THE P RTAL
The land of Blessed
John Paul II
AS I write this, I am busy with preparations for a trip to Poland. I’m on a pilgrimage/holiday with family and friends – including some of the team from the excellent
Magnificat (has Morning and Evening prayers, the Propers for Mass each day, plus info on all the saints and seasons, plus glorious artwork. If you don’t yet receive it every month, get yourself a sub. now: firstname.lastname@example.org
Why Poland? Blessed John Paul II, of course. Tere are dozens
of good reasons to visit Krakow: cathedral, castle, museums, university, history, scenery, coffee-shops, cakes, enchanting streets and squares, restaurants... and we’ll enjoy as much as we can of all of these, and with vigour. But the John Paul theme is the real reason for the trip.
John Paul II changed history Not only Polish history – 1989 and all that – but
British history. We are now all living the great adventure that our Holy Father Benedict began for us with Anglicanorum Coetibus. And its roots go back thirty years, to the first-ever visit to Britain of a Bishop of Rome, John Paul’s arrival at Gatwick in 1982.
I was there – with an awful lot of others – on the
tarmac at Gatwick, peering and cheering, jumping up to try to catch a glimpse of the white-clad figure that stooped to kiss the ground and turned to greet and wave. We had all set off at four in the morning in a coach from our Surrey parish, clutching thermoses of coffee and home-made periscopes.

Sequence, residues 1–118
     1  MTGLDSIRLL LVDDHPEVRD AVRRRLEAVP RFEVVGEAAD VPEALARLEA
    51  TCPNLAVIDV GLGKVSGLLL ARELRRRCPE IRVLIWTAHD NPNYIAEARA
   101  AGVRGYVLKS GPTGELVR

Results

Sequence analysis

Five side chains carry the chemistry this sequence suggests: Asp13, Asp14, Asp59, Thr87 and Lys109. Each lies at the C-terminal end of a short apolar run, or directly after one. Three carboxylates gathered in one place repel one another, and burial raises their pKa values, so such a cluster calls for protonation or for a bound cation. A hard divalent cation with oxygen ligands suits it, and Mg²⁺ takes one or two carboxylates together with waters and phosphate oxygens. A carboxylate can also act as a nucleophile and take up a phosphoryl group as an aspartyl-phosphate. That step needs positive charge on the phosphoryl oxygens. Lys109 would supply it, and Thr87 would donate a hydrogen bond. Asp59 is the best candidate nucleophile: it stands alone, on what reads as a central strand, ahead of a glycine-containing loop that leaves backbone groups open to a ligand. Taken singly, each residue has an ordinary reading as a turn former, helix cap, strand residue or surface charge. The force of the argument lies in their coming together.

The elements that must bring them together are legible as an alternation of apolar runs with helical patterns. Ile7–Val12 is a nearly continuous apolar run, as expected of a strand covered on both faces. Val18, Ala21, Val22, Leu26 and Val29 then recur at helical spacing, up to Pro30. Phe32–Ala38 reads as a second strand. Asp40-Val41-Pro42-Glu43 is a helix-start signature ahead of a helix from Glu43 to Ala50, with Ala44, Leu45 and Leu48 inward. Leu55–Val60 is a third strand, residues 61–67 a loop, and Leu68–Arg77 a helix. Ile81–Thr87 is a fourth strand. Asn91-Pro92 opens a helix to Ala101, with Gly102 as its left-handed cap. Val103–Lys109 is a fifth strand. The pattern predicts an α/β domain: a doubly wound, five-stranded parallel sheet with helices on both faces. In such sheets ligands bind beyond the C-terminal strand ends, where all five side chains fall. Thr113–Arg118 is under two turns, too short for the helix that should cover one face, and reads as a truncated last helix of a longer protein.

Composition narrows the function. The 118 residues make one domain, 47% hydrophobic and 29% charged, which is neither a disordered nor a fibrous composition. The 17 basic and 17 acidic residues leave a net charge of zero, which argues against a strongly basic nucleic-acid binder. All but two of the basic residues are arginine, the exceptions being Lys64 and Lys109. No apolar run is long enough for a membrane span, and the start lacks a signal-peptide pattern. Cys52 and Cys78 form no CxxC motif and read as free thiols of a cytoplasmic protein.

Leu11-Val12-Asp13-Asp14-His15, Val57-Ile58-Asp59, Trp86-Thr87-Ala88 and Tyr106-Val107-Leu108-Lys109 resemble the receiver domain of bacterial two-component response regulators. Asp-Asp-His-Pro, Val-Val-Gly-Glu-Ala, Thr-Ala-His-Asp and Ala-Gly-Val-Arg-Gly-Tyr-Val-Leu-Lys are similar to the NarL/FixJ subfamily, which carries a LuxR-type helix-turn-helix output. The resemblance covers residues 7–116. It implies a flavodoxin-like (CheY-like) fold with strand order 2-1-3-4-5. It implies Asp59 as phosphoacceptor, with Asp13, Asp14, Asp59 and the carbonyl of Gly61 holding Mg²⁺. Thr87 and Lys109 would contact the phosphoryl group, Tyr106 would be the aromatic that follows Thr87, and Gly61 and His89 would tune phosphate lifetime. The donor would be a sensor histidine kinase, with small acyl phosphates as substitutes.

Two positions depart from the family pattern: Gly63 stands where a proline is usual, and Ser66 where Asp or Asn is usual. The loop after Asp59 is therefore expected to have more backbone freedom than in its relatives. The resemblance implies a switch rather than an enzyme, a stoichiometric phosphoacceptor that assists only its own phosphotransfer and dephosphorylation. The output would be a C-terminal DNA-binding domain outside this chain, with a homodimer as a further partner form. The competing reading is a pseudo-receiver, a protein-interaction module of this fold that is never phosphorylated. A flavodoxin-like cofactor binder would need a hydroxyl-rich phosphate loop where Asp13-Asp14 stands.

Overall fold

Blessed John Paul’s walk into Canterbury Cathedral
alongside Dr Robert Runcie, praying at the tomb of St Tomas Becket was the proximate start of the series of events that led to the establishment of the Ordinariate, and the reason you are reading this. It is his successor, our wonderful Benedict XVI, who has had the courage to follow up, to take the great step and create the Ordinariate, aſter requests from Anglicans who came to see that any form of corporate reunion with Rome on a scale once envisaged was no longer possible.
And now here we are in a new chapter in a new century. Poland is a different country – facing new and
oſten frighteningly different challenges from those presented under Communism, and Britain is utterly different too. Time to take stock, to go on pilgrimage, to pray. Te Divine Mercy shrine and Sister Faustina. Wawel
cathedral, where Blessed John Paul was
ordained. Wadowice, where he was born and brought up and there is a museum dedicated to him. And more. Cream cakes, too – John Paul’s favourite cakes are now known as kremowka papieska in his honour.
A time to pray We’ll pray at the Divine Mercy shrine, and our
prayers for Britain will be fervent: this is a country where abortion, drug abuse, high crime rates and family break-up are now so standard as to be the stuff of clichés, and where the government’s response is to urge legislation inventing the notion that two men can marry each other. We’ll light candles for our friends and family, for all the intentions that we are carrying on this pilgrimage, and for the Ordinariate and its bright future.
We’ll explore Poland’s history, including recent
history that in the 20th century forged bonds with Britain in a dark hour, and in the 21st has brought so many Poles to work here in uncertain times. Poland’s history is chequered and so is ours.
We cannot predict the future and we can’t simply
issue instructions to God and expect him to fulfil them: history is human history and we write it with our deeds, good and bad. JPII now knows more about it all than we do.
Te day aſter I get back, there’s an ordination in
London of two more priests for the Ordinariate of Our Lady of Walsingham, with more to follow: that walk into Canterbury Cathedral and prayers at the tomb of a martyred archbishop are all part of that too.
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